As the folder says, "Sounds of Silence offers the best of the Red Centre distilled into four magical hours. An evening of dining under the sparkling outback sky."
It is no exaggerated promise: after a 30 minutes drive you come to a sand dune in the outback amid pinifex bushes .A path takes you to a 360° view of the whole scenery; infront Uluru; behind you the domes of Kata Tjuta and, possibly the most spectacular sunset you have ever seen. Here you enjoy sparkling wine and a selection of delectable canapés, accompanied by an indigenious didgeridooplayer.As the sun sets, you have dinner on a barbecue buffet of Australian delicacies like barramundi, kangaroo, emu, crocodile, bush salads and classic desserts, complemented by some of Australia's finest wines. Afterwards an experts assists you in stargazing, if the sky is clear.
Sounds of Silence Dinner is not cheap (around A$ 150,-), but worth the money
While driving to Kings Canyon we passed (well within many many miles of) Mount Connor. Many argue that Mount Connor is larger than Uluru (but is not a monolith, so its not nearly as cool). It is a beautiful mountain though!
The only way to get close is to take a guided tour, available at Curtin Springs (which we didnt do).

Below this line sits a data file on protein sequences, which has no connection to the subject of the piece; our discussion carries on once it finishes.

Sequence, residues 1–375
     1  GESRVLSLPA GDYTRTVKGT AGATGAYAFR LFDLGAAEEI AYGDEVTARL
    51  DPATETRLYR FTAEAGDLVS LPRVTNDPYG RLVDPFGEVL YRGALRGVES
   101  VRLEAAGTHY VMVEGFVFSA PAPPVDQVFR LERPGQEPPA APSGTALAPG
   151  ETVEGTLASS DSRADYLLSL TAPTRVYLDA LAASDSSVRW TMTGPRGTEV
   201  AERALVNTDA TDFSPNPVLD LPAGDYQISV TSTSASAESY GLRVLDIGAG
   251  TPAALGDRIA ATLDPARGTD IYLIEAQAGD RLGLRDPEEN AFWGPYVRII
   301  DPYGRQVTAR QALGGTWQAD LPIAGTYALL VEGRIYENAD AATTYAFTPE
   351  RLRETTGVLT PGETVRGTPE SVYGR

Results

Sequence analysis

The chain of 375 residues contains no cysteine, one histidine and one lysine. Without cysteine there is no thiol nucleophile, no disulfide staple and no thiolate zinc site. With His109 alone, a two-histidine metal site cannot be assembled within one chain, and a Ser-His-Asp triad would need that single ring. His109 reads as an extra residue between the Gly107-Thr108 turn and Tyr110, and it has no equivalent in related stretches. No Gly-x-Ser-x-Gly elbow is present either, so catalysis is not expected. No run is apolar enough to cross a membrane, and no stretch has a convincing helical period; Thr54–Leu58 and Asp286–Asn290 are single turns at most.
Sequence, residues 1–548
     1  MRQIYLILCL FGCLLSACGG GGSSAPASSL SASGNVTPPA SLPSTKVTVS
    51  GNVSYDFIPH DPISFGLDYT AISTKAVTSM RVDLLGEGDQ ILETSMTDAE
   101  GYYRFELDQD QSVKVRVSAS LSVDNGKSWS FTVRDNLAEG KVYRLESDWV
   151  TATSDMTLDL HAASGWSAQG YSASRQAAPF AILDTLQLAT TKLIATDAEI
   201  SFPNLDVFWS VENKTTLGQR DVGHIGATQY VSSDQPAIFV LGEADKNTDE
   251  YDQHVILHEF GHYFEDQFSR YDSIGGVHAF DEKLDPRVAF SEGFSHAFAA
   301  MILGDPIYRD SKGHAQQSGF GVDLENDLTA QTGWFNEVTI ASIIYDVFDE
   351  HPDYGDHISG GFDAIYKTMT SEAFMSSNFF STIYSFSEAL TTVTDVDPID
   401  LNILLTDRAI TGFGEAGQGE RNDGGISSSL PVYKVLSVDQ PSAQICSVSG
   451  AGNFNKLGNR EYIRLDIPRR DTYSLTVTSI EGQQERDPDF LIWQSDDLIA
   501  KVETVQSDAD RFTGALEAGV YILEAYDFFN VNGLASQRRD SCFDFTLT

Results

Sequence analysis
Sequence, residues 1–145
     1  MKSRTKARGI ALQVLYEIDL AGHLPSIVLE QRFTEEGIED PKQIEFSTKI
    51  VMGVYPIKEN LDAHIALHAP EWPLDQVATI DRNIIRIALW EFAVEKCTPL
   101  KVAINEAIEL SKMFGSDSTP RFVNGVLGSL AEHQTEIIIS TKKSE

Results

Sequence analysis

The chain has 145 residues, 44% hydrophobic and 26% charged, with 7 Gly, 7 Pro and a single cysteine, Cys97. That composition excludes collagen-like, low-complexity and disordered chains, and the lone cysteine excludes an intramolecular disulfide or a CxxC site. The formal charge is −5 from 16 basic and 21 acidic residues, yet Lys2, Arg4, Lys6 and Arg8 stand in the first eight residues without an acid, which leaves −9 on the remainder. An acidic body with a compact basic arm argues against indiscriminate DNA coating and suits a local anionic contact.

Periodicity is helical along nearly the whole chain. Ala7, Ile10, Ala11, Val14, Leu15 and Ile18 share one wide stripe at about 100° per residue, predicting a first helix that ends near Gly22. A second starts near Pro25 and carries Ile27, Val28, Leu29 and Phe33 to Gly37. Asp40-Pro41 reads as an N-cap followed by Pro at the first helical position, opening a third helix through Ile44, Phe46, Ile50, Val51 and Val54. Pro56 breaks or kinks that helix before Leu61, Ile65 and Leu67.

Mount Connor is a “table upon table” mountain, probably never to be seen anywhere else. Deceptively, it has the more “general” mesa-like look, compared to Ayer's Rock but I doubt there is another creature similar to this one, sitting on a broader table.
The catch with this one is its relative inaccessibility. They say that money talks and this is quite true in the case of Mount Connor. It is officially off-limits because it is in private property but for a mere 100$ per person, at least “double occupancy”, one can have the privilege to tour and climb it. For those with the bundles this is the way to go and for the rest there is a lookout 22km west of Curtin Springs. Enjoy!
We did the most fantastic drive from Adelaide to Uluru by 4WD. Rent a camper 4WD in Adelaide, drive to the Flinders Ranges (have a look around), drive North through Leigh Creek and pick up the Oodnadatta Track (easy). Drive North to William Creek (take 3 days for this trip. Camping avail at many places), must stop at Coward Springs. Turn West to Coober Pedy. Turn North to Alice Springs. Take road through West McDonald Ranges to Hermansburg and then on to Uluru. Return to Alice Springs to drop off 4WD camper. We took 3 weeks over this trip and it was truly magical. Please read about Bourke and Wills before doing the trip and also itmay help to read a book about the Old Ghan Railway that used to follow the same path.
Watarrka National Park is 330 km southwest of Alice Springs and not too far from Uluru-Kata Tjuta National Park. It contains King's Canyon and a swimming hole called the Garden of Eden, surrounded by palms. There is an 8km walk that can be trekked through the park. It is a strenuous walk.
Several places give you the opportunity to ride a camel. You can have just a 5 minute stroll or go for camel treks for up to 14 days.
Camels run wild in the centre of Australia, they were used for expeditions and for building the railways and afterwards let loose in nature. They are some of the best and purest camels in the world.